Extreme Value Theory
2. Caveats
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In practice life is not as simple as is suggested in the Introduction. A
particularly important issue is that extrapolation into the tail of a
probability distribution isn’t challenging because it is difficult to identify
possible probability distributions that might fit the observed data. Instead
the challenge is that the range of answers that can plausibly be obtained can
be very wide. Extrapolation of any sort (including, as here, extrapolation into
the tail of a distribution) is an intrinsically uncertain exercise, much less
reliable than interpolation, as is explained in Press et al
(2007).
Three other important caveats are relevant when EVT is
applied to financial data:
(a) EVT
relies on the tail of the distribution in question actually converging in some
suitable sense. This generally occurs for smooth distributions commonly used by
statisticians like the normal distribution, the Student’s t
distribution, the Pareto distribution etc. However, these sorts of
distributions are very ‘well behaved’ in a mathematical sense and also form an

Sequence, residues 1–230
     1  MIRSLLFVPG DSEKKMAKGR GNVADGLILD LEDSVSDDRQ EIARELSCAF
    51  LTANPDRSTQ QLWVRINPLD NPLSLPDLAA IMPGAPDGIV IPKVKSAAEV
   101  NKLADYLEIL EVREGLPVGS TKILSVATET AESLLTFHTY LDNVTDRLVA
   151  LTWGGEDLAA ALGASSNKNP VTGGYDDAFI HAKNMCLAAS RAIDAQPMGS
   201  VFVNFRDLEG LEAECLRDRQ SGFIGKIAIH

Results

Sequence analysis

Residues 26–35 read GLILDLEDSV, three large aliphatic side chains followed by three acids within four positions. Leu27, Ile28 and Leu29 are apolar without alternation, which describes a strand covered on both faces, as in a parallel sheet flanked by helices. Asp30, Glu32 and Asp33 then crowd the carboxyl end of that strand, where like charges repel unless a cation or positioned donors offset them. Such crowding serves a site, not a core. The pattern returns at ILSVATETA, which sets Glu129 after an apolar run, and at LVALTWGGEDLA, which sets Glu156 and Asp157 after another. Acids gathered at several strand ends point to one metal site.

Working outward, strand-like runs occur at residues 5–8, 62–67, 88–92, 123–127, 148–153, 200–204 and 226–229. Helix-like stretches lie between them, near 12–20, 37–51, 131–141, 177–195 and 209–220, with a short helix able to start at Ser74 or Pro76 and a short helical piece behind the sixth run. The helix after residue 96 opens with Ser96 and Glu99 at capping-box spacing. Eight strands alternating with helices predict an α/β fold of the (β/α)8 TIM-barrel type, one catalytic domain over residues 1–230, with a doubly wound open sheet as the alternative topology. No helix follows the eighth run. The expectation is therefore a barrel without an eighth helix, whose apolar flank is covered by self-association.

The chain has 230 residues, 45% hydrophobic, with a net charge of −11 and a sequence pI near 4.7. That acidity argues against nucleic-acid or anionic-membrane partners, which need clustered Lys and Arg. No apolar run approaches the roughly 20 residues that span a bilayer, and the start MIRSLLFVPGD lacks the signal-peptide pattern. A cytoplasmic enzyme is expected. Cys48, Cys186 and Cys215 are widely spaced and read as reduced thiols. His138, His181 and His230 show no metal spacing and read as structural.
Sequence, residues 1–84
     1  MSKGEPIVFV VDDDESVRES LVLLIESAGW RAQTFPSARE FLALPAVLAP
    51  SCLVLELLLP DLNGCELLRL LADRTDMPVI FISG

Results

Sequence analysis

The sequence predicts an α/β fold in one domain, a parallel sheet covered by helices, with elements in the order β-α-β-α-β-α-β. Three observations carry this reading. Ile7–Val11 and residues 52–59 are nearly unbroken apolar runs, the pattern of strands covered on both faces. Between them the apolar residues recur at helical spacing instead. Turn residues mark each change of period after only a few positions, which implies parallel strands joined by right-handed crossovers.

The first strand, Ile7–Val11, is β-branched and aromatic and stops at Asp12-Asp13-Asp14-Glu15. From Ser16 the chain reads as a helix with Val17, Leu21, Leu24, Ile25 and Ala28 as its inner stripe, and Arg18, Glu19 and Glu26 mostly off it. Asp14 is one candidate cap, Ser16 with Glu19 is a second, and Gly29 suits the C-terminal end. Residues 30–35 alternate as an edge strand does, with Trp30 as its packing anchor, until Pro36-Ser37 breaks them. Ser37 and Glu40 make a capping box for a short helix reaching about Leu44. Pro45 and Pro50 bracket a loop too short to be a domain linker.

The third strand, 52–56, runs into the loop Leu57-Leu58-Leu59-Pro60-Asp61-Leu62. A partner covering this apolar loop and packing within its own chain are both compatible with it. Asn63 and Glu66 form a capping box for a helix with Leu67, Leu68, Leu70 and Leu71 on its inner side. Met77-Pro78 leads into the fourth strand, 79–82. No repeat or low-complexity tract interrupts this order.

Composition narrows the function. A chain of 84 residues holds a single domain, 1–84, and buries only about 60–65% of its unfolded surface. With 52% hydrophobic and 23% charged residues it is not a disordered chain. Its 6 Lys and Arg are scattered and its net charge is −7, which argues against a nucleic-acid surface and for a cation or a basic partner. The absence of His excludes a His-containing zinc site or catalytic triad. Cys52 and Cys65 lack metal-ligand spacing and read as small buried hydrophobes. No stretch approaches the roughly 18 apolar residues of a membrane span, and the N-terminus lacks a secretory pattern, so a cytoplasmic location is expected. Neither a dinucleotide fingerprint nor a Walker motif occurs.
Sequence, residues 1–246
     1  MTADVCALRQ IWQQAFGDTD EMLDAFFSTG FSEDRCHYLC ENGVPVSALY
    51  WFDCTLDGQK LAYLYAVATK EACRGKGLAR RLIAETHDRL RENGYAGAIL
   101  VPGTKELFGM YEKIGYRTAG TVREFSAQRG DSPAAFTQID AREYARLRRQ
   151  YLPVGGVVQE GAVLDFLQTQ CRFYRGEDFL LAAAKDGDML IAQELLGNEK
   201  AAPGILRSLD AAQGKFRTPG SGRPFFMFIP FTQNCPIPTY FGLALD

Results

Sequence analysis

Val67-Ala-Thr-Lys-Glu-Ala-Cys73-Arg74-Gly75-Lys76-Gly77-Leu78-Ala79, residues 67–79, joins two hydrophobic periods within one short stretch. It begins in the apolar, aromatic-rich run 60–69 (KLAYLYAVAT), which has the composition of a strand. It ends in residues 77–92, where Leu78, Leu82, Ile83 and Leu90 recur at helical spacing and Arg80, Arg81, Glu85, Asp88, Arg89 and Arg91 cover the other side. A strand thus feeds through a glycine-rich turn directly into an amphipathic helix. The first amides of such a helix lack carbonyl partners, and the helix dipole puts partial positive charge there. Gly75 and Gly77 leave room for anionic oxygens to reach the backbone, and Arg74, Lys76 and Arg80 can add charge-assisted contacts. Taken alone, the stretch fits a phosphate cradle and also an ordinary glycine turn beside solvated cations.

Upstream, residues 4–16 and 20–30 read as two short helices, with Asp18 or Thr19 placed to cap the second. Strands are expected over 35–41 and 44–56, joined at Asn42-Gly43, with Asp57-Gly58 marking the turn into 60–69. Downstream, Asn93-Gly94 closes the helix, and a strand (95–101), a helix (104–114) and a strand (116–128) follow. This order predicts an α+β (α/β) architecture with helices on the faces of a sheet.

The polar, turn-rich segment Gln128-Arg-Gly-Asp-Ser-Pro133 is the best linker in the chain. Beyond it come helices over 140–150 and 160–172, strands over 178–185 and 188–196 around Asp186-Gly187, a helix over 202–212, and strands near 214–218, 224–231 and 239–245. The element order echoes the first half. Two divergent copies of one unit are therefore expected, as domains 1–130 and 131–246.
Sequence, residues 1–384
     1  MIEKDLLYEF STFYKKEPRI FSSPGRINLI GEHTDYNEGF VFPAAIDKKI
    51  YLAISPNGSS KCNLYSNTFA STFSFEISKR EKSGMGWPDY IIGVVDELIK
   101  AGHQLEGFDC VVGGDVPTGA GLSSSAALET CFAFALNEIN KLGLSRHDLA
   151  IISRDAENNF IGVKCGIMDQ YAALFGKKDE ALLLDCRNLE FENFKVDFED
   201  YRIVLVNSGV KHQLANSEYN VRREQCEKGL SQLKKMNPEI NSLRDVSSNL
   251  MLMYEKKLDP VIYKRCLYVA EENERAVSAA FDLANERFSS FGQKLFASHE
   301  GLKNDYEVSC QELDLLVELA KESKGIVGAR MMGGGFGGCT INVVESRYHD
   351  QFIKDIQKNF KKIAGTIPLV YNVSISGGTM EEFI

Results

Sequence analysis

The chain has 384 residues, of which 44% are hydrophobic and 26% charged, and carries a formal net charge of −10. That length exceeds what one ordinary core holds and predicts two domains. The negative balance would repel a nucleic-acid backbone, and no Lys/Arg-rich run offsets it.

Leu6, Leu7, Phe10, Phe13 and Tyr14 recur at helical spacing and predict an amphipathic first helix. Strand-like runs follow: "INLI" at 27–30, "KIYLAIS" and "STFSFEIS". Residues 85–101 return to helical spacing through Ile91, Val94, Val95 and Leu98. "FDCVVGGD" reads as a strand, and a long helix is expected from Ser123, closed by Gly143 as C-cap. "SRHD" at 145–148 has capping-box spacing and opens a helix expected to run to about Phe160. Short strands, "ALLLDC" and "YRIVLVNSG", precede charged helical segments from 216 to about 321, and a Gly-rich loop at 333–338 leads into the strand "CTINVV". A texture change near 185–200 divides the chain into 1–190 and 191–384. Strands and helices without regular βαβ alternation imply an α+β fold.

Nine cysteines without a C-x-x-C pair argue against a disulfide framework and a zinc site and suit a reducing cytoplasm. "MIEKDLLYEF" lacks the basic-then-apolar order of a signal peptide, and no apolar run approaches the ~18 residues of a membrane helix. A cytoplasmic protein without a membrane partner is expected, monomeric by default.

infinitesimal proportion of the totality of possible distributions that might
apply. So it is by no means obvious that convergence of the sort required for
EVT to apply will actually take place in practice. It is relatively
straightforward to construct distributions where convergence doesn’t occur,
although whether they are plausible is again a matter of opinion.
Fundamentally, extrapolation involves exercise of judgement, and what one
person thinks is reasonable someone else may think is not.
(b) EVT
is usually developed from a univariate, i.e. single series, perspective. Some
important financial problems, in particular portfolio construction, are
intrinsically multivariate in nature. For example, most practical portfolio
construction problems require selection between asset categories, so require an
understanding of the joint behaviour of different return series. It is possible
to develop a multivariate extreme value theory (including results for
multivariate maxima and multivariate threshold exceedances), but the
mathematics is quite complicated, perhaps best analysed using copulas, and is
not very easily aligned to the portfolio construction problem.
(c) The
conceptual appeal of EVT may encourage researchers to leap in with the
technique without first trying to understand what might be causing the observed
tail behaviour. An important point here is that financial data often exhibits
time-varying volatility (also known as volatility clustering). If this point is
given insufficient weight then EVT results, even if theoretically applicable,
may be easily misinterpreted or misapplied.
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